John Oliver (Jay) Buslee died September 28, 1944 when the B-17 he was piloting, the 384th Bomb Group’s B-17G 43‑37822, crashed after a mid-air collision with his own group’s B-17G 42‑31222 Lazy Daisy. His parents were notified shortly thereafter that he was missing in action, but it would be another four months before they received news that he had died in the collision.
Jay’s parents, Mr. and Mrs. John Buslee of Park Ridge, IL, a suburb of Chicago, eventually received Jay’s possessions, only to find that the Air Force ring they had given him as a gift was not among the items returned to them. They assumed he must have been wearing the ring on his last mission, but it was not recovered with his body as far as they knew.
Several years after the war, in 1948, Jay’s ring surfaced. At the time, my dad, George Edwin Farrar, the waist gunner and sole survivor on Buslee’s aircraft, was working for Jay’s father and living in the Buslee home. I believe in that situation, he would have been aware of the ring’s discovery, but it’s not anything he ever mentioned to me. He was a traveling salesman and it was the same year he met and courted my mother, and it probably wasn’t as important of a discovery to him as it was to Mr. and Mrs. Buslee.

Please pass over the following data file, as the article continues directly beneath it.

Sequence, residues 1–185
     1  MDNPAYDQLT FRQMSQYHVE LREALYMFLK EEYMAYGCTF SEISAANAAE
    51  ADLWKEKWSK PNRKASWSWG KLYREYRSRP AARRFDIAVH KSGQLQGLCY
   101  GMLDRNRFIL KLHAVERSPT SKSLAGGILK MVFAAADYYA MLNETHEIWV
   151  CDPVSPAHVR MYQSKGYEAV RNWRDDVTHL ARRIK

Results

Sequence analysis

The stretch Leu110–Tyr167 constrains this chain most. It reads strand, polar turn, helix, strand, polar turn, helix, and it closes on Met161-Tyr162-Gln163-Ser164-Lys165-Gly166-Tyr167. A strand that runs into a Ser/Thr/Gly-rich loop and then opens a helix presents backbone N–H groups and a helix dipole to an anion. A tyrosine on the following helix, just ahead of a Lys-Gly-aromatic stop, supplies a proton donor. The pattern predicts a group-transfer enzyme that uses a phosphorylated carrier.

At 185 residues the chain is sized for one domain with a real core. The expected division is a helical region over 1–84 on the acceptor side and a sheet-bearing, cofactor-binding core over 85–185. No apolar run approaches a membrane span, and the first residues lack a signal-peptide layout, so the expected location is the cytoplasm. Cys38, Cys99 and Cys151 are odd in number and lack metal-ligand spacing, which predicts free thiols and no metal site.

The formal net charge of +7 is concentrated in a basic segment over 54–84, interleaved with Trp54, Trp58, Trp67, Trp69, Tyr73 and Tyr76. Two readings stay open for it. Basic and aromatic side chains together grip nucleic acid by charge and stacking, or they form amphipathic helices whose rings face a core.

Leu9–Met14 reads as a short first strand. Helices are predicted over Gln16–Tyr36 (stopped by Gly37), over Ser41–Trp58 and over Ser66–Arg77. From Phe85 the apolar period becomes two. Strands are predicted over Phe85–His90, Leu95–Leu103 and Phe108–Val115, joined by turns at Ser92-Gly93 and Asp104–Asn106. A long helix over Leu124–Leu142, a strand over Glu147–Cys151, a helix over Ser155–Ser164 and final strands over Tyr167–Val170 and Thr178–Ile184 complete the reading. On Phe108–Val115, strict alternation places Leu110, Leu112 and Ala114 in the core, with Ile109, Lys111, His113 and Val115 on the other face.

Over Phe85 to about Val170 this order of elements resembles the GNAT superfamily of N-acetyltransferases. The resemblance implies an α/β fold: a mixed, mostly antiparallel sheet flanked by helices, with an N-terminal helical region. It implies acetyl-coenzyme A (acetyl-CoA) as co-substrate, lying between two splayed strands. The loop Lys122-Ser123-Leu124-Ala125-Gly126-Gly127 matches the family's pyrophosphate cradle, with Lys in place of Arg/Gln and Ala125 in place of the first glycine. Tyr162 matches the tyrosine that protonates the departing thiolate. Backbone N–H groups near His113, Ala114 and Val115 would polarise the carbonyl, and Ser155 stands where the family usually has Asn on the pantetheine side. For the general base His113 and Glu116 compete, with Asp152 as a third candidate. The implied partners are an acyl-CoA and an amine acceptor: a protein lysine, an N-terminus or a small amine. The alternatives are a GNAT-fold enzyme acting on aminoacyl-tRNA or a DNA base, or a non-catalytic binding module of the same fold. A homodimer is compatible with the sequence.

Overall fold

The surfacing of the ring was one thing. Getting the ring back was another. Distance and politics and the state of the world in the 1940’s made this a very difficult task. This task was orchestrated between the finder of the ring (a Czech man the Nazis forced into slave labor in Germany), the finder’s parents in Czechoslovakia, a Czech immigrant living in Texas, the Adjutant General of the US Department of the Army, the American Embassy in Czechoslovakia, and Jay’s parents in Illinois.
From November 2014 to March 2015, I published the group’s communications through a series of letters they exchanged between January 21 and December 26, 1948, from the time of first contact to the expressions of gratitude between the parties after the return of the ring.
John Dale Kielhofer, Jay Buslee’s nephew, shared the letters with me, and with his permission, I share with you the story of the recovery and return of John Buslee’s ring.
This list of links below includes all of my original posts and all of the letters between the parties.
Note: The original posts indicate the name of Buslee’s aircraft B-17G 43‑37822 was “Lead Banana.” I learned after writing the posts that the name was mistakenly applied in 384th Bomb Group documents and photos to that particular aircraft and wrote an explanatory post regarding the error.
The Ring (Original post of this Introduction to the letters)
© Cindy Farrar Bryan and The Arrowhead Club, 2021